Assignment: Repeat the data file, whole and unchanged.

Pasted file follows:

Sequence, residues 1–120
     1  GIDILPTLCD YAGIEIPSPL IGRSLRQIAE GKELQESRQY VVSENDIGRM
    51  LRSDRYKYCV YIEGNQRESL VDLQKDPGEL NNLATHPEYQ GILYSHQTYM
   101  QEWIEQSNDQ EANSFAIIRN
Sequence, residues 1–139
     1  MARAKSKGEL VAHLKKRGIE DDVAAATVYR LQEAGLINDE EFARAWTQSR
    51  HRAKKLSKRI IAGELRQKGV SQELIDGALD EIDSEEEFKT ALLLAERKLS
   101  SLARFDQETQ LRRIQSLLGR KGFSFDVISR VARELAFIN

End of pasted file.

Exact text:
Sequence, residues 1–120
     1  GIDILPTLCD YAGIEIPSPL IGRSLRQIAE GKELQESRQY VVSENDIGRM
    51  LRSDRYKYCV YIEGNQRESL VDLQKDPGEL NNLATHPEYQ GILYSHQTYM
   101  QEWIEQSNDQ EANSFAIIRN
Sequence, residues 1–139
     1  MARAKSKGEL VAHLKKRGIE DDVAAATVYR LQEAGLINDE EFARAWTQSR
    51  HRAKKLSKRI IAGELRQKGV SQELIDGALD EIDSEEEFKT ALLLAERKLS
   101  SLARFDQETQ LRRIQSLLGR KGFSFDVISR VARELAFIN